Utah Eatery in Toxic Tea Incident Had Other Chemical Burn: Lawyer

Attorney Paxton Guymon holds a photograph of Jim and Jan Harding during a news conference in Salt Lake City on Thursday, Aug. 14, 2014. AP

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SALT LAKE CITY — The attorney for a woman who nearly died after unknowingly drinking tea laced with a chemical cleaning compound at a Utah restaurant said Thursday an employee at the eatery burned herself a month earlier on the same substance. Family attorney Paxton Guymon's comments came at a news conference that also was attended by the burned woman's husband, who said she is recovering but suffering from nightmares as she relives the incident. Guymon said he learned about the previous burn during his investigation into what led to the tea incident at Dickey's Barbecue in a Salt Lake City suburb. He said the Dickey's employee burned her tongue July 5 after she stuck her finger in a sugar container to test if it had any of the chemical cleaner, and then licked her finger. The worker's tongue started bleeding and blisters formed, Guymon said, adding she still is not back to normal.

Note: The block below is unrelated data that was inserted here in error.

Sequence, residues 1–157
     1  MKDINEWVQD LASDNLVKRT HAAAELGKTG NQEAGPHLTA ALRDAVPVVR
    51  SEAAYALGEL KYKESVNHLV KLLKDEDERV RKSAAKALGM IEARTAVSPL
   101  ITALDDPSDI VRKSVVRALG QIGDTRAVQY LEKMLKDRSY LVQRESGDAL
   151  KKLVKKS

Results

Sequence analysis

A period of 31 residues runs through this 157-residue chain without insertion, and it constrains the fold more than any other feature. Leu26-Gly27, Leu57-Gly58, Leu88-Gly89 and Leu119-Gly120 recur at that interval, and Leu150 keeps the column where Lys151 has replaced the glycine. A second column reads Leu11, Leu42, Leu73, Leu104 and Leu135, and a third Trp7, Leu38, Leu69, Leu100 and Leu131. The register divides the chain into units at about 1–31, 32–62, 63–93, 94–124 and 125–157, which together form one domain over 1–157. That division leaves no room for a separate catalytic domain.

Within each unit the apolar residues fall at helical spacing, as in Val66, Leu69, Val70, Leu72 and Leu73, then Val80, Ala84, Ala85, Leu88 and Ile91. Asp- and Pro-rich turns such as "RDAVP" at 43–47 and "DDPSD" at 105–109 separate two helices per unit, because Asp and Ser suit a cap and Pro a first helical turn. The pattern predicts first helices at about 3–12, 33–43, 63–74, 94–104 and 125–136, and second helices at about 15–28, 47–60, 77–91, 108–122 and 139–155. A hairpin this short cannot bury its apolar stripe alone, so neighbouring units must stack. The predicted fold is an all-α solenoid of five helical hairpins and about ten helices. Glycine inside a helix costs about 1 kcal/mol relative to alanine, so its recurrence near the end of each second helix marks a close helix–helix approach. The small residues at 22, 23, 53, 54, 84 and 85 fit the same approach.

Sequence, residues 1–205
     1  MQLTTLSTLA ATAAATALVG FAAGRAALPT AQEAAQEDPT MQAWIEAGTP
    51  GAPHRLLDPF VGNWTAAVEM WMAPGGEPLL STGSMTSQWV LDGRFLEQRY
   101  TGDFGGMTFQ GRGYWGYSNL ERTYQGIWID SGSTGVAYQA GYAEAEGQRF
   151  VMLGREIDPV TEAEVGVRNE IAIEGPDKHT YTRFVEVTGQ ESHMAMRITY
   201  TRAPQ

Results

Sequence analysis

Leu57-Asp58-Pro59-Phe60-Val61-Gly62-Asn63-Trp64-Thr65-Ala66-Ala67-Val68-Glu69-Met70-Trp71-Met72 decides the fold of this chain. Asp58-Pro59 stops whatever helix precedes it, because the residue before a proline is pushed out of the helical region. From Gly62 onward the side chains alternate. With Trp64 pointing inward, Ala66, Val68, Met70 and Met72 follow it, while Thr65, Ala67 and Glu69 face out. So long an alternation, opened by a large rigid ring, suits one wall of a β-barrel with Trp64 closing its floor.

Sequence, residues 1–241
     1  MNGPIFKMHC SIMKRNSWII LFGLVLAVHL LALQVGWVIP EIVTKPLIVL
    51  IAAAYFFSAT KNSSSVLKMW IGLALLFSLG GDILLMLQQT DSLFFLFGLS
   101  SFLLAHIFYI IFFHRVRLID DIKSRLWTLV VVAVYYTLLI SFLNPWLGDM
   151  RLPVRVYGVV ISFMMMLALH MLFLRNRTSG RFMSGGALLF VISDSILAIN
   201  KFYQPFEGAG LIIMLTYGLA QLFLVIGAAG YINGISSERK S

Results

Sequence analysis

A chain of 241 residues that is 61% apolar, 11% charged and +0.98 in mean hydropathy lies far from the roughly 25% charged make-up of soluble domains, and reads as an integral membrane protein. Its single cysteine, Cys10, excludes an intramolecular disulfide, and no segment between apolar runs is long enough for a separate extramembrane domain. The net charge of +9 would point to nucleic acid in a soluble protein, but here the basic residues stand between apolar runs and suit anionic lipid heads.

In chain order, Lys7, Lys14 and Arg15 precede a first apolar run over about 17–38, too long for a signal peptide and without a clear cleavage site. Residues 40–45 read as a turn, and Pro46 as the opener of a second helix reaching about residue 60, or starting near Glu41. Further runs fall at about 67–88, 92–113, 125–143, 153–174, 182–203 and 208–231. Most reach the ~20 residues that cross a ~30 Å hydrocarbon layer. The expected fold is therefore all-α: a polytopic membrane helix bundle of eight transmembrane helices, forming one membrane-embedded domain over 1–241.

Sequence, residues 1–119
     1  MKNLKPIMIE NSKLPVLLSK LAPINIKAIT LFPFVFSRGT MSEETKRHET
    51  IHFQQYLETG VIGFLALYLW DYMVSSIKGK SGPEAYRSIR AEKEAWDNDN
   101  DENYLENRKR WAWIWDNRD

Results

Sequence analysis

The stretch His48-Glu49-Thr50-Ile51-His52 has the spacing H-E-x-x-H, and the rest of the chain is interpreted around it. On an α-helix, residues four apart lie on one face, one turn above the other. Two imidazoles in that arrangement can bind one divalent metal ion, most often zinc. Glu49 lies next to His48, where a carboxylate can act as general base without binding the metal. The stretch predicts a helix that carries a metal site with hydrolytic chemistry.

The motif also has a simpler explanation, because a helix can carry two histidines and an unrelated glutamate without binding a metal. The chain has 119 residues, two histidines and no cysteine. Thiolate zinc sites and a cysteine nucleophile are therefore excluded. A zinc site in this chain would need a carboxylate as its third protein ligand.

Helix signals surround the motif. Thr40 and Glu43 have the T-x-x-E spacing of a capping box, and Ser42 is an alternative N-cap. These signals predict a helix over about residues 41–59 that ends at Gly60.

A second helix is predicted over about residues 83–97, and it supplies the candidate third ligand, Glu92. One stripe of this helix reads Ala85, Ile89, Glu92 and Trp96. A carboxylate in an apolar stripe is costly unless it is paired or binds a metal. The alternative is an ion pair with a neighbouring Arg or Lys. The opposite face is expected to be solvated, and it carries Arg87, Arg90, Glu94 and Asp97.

"To me it means that the company was on notice that there was a hazardous substance that wasn't properly labeled, that wasn't properly controlled," the attorney said. "And that things should have and could have been done to prevent my client, Mrs. Harding, from being injured." The employee quit her job at the restaurant Aug. 9, the day before 67-year-old Jan Harding of Sandy took a sip of the sweetened iced tea and suffered deep burns in her upper esophagus, Guymon said.

Jim Harding, center, speaks about his wife, Jan Harding, during a news conference Thursday, Aug. 21, 2014, in Salt Lake City, while his son Scott Harding, left, and attorney Paxton Guymon look on.Rick Bowmer / AP


— The Associated Press